06/26/09 — Flathead catfish are growing rapidly

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Flathead catfish are growing rapidly

By Courtesy NCWRC
Published in Sports on June 26, 2009 1:46 PM

Courtesy NCWRC

RALEIGH -- After collecting two flathead catfish from the White Oak River during a routine sampling trip in April, biologists with the N.C. Wildlife Resources Commission are reminding the public that introducing fish to public waters where they are not native can have irreparable ecological consequences.

Biologists have been sampling the White Oak River since 2001 and this is the first time they have found flatheads in the blackwater river which flows along the Jones, Onslow and Carteret county lines in southeastern North Carolina.

The discovery is alarming because flathead catfish are large fish with large appetites, feeding primarily on other fish. Research has shown that their feeding habits can lead to the decline of native fish in waters where they have been introduced.

Flatheads, which are native to the Mississippi River basin, have been introduced into rivers in the eastern part of the state. They have become well established and abundant within 10 years of being introduced into the Cape Fear, Tar and Neuse Rivers, as well as Sutton Lake in New Hanover County.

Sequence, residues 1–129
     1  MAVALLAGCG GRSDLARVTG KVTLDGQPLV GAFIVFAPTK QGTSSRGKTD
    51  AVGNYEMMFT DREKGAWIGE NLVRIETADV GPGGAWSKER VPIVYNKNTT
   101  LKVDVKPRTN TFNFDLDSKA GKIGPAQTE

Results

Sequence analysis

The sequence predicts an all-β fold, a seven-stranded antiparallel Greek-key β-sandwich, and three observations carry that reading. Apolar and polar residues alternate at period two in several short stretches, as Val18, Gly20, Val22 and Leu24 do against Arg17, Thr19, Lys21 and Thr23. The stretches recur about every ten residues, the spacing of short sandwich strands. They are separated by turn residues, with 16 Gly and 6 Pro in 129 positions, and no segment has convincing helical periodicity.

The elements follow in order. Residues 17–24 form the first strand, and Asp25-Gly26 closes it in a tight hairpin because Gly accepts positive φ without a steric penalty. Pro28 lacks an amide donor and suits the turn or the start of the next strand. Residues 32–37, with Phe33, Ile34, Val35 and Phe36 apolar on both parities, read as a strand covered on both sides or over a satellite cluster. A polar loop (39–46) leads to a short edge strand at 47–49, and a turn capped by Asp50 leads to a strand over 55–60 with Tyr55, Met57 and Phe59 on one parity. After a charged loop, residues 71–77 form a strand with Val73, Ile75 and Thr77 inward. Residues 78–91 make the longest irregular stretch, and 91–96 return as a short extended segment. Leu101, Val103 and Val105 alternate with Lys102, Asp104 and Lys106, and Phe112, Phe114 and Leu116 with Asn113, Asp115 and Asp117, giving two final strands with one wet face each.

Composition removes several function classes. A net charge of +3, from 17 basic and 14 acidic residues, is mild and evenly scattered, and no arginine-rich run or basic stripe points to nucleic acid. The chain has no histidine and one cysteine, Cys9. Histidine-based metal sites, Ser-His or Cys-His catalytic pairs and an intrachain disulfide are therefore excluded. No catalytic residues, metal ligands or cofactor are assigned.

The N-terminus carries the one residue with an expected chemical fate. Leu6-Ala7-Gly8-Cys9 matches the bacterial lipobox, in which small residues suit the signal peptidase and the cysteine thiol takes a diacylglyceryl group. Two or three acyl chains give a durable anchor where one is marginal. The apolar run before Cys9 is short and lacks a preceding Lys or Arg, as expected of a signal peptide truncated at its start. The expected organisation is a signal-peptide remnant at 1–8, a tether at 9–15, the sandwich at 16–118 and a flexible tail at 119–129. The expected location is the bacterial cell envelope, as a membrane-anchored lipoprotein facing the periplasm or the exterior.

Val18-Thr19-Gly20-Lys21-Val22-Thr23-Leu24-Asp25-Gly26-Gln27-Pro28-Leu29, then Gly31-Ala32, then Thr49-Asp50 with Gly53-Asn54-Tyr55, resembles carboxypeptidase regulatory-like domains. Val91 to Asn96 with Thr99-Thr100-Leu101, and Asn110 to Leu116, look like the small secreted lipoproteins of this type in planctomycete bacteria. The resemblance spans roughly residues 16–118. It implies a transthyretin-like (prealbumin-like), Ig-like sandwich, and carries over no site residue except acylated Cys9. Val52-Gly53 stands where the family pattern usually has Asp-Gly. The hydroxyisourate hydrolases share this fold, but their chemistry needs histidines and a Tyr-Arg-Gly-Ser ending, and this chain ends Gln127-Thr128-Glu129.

Since 2006, Commission biologists have been conducting ongoing surveys in the Tar River to document changes in the catfish community as flatheads become established in the system.

"We've seen big changes in the numbers of flathead and white catfish," said Bob Barwick, a fisheries biologist with the Commission. "In 2006, white catfish made up over half of the catfish population in the Tar River, but now they only comprise about 30 percent of total catfish numbers."

Conversely, in the 2006 survey, flatheads accounted for 14 percent of the catfish population in the Tar River, but in the most recent survey, conducted in 2008, they comprised 56 percent of the total catfish numbers.

"From diet studies, we know that other catfish are commonly eaten by flathead catfish, and the initial trend in the Tar River indicates that white catfish have declined as flatheads have become established," said Barwick.